Our solar system is home to at least half a million asteroids, and almost certainly many more. Asteroids are lumps of rock too small to be regarded as full-scale planets. They were created 4.6 billion years ago at the same time as the solar system itself. So there’s nothing unusual about these home-grown asteroids. But NASA’s recent discovery of the asteroid 1I/2017 U1 has revealed something incredibly exciting and truly unique.
It seems that as a species we’ve been keen to map the stars and other celestial bodies for millennia. The earliest example of this dates back at least 32,500 years. It comes in the shape of a carved fragment of mammoth tusk that seems to show the constellation Orion. Then there are the famous Lascaux cave paintings, about 16,500 years old. They appear to show a representation of the Pleiades star grouping.
Of course today, with our high-powered telescopes and space probes, we can study the skies above in much more depth. This allows us much more detailed knowledge of our corner of the Milky Way. One major project to explore our solar system and beyond is NASA’s New Frontiers mission. The mission includes three different projects.
One of those NASA projects is New Horizons, which sent a spacecraft to the dwarf planet Pluto, a distant body in our solar system. Launched from Cape Canaveral in January 2006, the New Horizons space probe reached Pluto in 2015. It passed within 7,800 miles of the planet in July of that year.
As it passed Pluto, the space probe was able to capture some awe-inspiring images of the planet, giving us never-before-seen views of this object. And it’s worth remembering that Pluto is anywhere between 2.66 billion and 4.67 billion miles from our planet depending on its orbital position.
The second mission in the New Frontiers portfolio is Juno, a project to further explore the planet Jupiter. This involved sending a solar-powered spacecraft, the first of its kind to journey to one of the outer planets. The probe was launched in August 2011, arriving at its destination in July 2016.
The third current New Frontiers initiative is the OSIRIS-REx project. A space probe was launched in September 2016 with the ambitious goal of reaching an asteroid called 101955 Bennu. Once there in 2020, if everything goes to plan, the probe will take samples from the surface of the asteroid. It will then return to Earth with them sometime in 2023.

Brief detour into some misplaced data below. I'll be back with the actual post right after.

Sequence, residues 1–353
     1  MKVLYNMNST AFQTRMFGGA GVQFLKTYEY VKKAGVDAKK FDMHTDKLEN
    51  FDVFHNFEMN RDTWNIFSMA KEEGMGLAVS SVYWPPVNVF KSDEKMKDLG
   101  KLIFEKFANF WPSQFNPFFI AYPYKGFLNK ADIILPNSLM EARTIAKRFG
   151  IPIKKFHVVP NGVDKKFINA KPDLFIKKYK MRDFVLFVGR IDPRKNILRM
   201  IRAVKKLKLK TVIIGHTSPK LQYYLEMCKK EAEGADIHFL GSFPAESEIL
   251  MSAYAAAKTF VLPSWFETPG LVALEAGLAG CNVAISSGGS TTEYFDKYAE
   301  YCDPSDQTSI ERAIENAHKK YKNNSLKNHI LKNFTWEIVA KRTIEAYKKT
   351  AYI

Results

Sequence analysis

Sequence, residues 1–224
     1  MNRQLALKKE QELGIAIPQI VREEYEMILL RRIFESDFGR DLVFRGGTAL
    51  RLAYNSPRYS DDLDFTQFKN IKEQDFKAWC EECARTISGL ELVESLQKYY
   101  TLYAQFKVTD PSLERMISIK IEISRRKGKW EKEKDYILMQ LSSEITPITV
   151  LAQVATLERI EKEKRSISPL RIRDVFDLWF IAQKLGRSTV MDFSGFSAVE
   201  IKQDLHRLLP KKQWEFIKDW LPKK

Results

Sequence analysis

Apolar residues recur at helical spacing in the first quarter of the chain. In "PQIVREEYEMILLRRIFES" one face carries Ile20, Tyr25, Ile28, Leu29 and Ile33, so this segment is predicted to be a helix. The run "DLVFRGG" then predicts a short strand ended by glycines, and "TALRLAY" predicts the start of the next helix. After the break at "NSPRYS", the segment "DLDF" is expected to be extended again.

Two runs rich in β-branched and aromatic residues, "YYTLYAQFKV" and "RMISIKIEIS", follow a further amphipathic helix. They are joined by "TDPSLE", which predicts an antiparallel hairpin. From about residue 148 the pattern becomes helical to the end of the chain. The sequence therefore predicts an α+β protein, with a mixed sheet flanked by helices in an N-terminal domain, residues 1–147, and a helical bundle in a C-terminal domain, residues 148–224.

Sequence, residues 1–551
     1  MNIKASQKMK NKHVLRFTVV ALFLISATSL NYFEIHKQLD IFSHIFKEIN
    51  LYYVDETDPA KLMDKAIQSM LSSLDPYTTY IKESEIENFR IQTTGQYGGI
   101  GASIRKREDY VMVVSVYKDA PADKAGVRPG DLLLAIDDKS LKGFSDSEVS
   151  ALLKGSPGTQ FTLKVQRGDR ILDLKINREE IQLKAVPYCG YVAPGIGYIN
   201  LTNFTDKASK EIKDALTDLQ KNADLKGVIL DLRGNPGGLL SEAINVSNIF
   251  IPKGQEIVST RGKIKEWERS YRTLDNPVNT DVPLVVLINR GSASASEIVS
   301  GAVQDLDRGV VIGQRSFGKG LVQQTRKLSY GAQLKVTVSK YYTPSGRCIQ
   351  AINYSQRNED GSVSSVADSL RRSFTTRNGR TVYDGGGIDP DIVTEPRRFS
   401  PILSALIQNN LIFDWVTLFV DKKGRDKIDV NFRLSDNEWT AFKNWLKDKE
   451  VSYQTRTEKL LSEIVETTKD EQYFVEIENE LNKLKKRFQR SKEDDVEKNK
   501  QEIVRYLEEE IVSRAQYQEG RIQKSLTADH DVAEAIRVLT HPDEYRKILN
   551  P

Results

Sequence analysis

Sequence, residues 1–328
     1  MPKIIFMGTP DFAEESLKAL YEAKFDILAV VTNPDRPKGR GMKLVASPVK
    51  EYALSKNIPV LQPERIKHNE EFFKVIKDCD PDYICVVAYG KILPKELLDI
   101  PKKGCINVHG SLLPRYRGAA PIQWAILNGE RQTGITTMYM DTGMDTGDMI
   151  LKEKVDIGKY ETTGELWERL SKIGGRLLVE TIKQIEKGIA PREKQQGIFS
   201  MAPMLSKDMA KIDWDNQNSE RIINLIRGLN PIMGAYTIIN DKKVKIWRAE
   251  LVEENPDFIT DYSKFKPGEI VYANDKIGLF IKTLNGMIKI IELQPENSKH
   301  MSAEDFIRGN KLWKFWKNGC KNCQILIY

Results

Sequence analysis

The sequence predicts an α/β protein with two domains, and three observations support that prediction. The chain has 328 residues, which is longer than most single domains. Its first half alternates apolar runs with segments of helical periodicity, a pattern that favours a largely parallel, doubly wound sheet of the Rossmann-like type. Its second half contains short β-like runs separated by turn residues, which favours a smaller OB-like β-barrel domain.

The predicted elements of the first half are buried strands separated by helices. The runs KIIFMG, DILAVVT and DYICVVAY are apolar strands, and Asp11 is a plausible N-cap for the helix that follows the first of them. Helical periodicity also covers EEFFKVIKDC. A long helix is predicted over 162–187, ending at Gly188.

So, as we have seen, our ability to explore the heavens has progressed in leaps and bounds since the Russian craft Sputnik 1 was launched into orbit around Earth in 1957. That Russian mission triggered the space race between the Soviet Union and the United States. The race included the first manned flight to the Moon and has culminated in NASA’s sophisticated missions.
But what has really whipped scientists and researchers around the world into a state of almost frenzied excitement is an asteroid. Since we know that there are in excess of 500,000 of these in our solar system, such as asteroid 243 Ida pictured here, this might at first sight appear rather strange.
But this is not just any old asteroid. This is actually an interstellar asteroid, the first one ever to have been observed in our tiny part of the universe. Until now, all of the asteroids that we’ve seen, such as Eros illustrated above, are the product of our own solar system, created 4.6 billion years ago at the same time as the planets and everything else in the solar system.